Iran Tests Satellite -- and American Patience

Iran Tests Satellite -- and American Patience


With more virus cases than anyone in the Middle East, Iran should have its hands full. Instead, the regime seems determined to show the world that it's got bigger priorities than the deaths of its own people. Wednesday, as a rocket shot high into the sky, carrying the country's first military satellite, it was obvious that even a global pandemic won't slow down Iran's Revolutionary Guard.

It takes a lot to distract the world right now, but Iran's ballistic program succeeded. And while no one is quite sure if Tehran's satellite is operational, they are sure that it was a blatant violation of U.N. resolutions. "I think today's launch proves what we've been saying all along here in the United States," Secretary of State Mike Pompeo said. "I think Iran needs to be held accountable for what it's done."

FRC's Lt. General Jerry Boykin agreed, arguing that if the test was successful, then "it's very significant." Not as significant as China or Russia's capabilities, he pointed out, but it would put Israel -- and everyone else -- in danger. "What that means is, if they match up a nuclear warhead with one of these intercontinental ballistic missiles or a missile that could go into outer space... [they are] within range of the United States or any other place in the world. [That] gives them a capability that they've never had -- and one that they have sought for a lot for a long time." Of course, he points out, Barack Obama was adamant that the tests would end once the Iran deal was reached in 2015. They didn't. Now that President Trump has pulled America out of the useless agreement, they're showing off.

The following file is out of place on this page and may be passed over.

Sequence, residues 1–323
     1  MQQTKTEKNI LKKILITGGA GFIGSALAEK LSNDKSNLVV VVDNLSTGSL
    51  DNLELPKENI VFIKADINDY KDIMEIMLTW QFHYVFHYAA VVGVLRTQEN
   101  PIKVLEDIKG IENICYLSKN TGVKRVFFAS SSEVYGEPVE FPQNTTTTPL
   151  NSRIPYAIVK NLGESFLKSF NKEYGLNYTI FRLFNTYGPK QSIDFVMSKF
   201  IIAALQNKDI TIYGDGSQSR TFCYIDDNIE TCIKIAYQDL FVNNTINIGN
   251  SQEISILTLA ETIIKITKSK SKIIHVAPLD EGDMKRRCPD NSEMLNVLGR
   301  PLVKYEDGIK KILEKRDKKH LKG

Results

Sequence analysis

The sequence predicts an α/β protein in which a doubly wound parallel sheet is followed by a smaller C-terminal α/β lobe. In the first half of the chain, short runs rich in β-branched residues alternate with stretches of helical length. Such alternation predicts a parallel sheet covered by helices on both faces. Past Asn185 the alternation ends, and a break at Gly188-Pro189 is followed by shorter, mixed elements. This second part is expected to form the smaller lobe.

Back at the White House, the president had warned U.S. foes not to test him. Even in a health crisis, his team said, America was prepared to respond. And when Iran's fighting force got a little too close for comfort in the Persian Gulf this week, that's exactly what Trump did. "We're not going to stand for it. If they do that that's putting our ships in danger and our great crews and sailors in danger. I'm not going to let that happen. "That's a threat... When they get that close to our boat, and they have guns... we'll shoot them out of the water."

If Tehran was expecting the timid response of the Obama years, they didn't get it. This president understands Iran's intentions -- and they aren't to bring peace and harmony to the region. "They've been doing this [harassing our ships in the Persian Gulf] for a long time," the general shook his head. "And every one of them... is a threat. Long ago, we should have started taking them out. Now, some will say, 'Well, they're just trying to provoke us to do that, and we ought to give them what they want.' Because right now, what America needs to do is show that even with all of the chaos that's going on in this country, we're still focused on national security. So I believe this is a good decision by our president."